He tensed, suddenly, as he heard the sound of rotor blades in the distance. A helicopter swept low over the hills, heading straight towards them. Roland swore as he saw the weapon pods hanging under its stubby wings; antitank rockets and heavy machine guns that would punch through his body armour as though it wasn’t even there. The training brief hadn’t mentioned helicopters ... not directly, at least. The instructors had a habit of throwing unpleasant surprises into the mix, just to make sure the recruits knew their intelligence, no matter how much the spooks vouched for it, couldn’t be taken for granted.

“Take cover,” he shouted. “Hurry!”

The sound grew louder as he hurled himself into a ditch, near the farmhouse. His mind raced as he saw Walsh take up position near the treeline. The farmhouse might have been a trap after all, although not in the way he’d thought. There could be someone on the hillside with a low-tech telescope, linked to a simple telephone line ... he sucked in his breath. His instructors had warned him, time and time again, that just because something was outdated didn’t mean it was useless. A pre-space telescope and telephone wire would be pretty much impossible to detect unless the marines got lucky.

He stayed very still as the helicopter thundered over the valley, the rotors chopping through the air. Insurgents had learnt to fear the ugly aircraft a long time ago, all too aware the pilots could rain down death on them from overhead in relative safety. It took a great deal of luck to take down a helicopter without MANPADs or other heavy weapons, luck the umpires wouldn’t grant in a training exercise. Roland gritted his teeth, hoping the helicopter pilot would assume they’d gotten into the treeline before the aircraft got into position. Between the camouflage and the local wildlife confusing the craft’s sensors, they might just get lucky.

They know we can’t have gotten that far away, he thought. It didn’t look as though the helicopter was carrying a squad of troops, but appearances could be misleading. The aircraft was big enough to carry six or seven men in addition to the pilot and gunners, if they didn’t mind getting very friendly. Roland himself had been crammed into tiny aircraft with his peers several times, during the last few months. And they might think they have us pinned down ...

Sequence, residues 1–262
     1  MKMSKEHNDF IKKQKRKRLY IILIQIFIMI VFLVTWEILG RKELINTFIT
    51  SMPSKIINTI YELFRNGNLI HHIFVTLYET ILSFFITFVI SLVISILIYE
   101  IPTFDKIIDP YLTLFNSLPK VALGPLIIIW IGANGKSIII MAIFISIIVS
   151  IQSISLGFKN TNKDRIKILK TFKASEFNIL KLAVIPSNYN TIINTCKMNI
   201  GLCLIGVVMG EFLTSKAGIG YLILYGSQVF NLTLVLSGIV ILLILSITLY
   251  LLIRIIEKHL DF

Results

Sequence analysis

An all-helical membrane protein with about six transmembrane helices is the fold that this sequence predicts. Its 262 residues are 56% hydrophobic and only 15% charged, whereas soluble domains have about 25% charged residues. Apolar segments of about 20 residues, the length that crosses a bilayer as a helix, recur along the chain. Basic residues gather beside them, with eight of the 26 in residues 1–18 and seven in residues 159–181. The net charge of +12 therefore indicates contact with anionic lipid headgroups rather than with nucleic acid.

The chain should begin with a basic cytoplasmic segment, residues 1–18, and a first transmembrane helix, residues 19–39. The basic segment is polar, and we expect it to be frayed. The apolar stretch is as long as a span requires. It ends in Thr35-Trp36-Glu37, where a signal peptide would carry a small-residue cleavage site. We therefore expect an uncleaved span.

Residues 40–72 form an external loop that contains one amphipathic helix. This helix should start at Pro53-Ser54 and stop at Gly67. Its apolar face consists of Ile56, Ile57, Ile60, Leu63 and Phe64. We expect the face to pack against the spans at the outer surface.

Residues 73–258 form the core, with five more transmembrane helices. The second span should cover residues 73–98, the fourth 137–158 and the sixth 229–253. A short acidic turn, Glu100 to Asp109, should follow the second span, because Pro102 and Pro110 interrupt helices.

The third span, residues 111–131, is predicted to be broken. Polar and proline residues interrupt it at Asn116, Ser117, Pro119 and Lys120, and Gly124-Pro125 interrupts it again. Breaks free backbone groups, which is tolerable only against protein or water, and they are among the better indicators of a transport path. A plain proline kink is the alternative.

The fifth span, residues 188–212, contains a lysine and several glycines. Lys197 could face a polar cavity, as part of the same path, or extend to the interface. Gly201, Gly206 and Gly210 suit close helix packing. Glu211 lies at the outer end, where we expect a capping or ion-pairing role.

The helicopter fired a machine gun burst into the trees. Roland frowned, unsure what the gunner had seen. None of the shells had gone anywhere near the recruits, not unless he’d misjudged where the other two had hidden. Perhaps they’d seen a fox or something move and fired on instinct or ... perhaps they were just trying to intimidate the recruits. It might work out for them. Roland didn’t dare move, which meant they’d be pinned down right until the exercise ended or they were caught by the bad guys and humiliated ... he peered towards the treeline, wondering if there was already a line of enemy troops moving towards them. It wasn’t as if they had to worry about being seen.

He frowned. He could hit the helicopter with a rifle-launched grenade, if he could get up and take aim before the craft blew him to atoms. But ... he didn’t have time. Roland knew, without false modesty, that he was one of the fastest gunners in the training company and even he didn’t have enough time to take out the helicopter, not unless something happened to divert its attention. His mind churned. He needed a diversion. If he did nothing, they were screwed.

A plan occurred to him. He put it into action before he could think better of it. He signalled Walsh, instructing her to send a microburst message to their superiors. The messages were supposed to be undetectable and untraceable, but he knew the helicopter would have the very latest in detection gear, manned by people who knew precisely what to look for. The aircraft rotated rapidly, bringing its machine guns to bear on Walsh. Roland didn’t hesitate. He rolled over, slotted the grenade into place and fired it at the helicopter. It went through the gunner’s hatch and detonated inside. A moment later, the helicopter rose into the sky and vanished.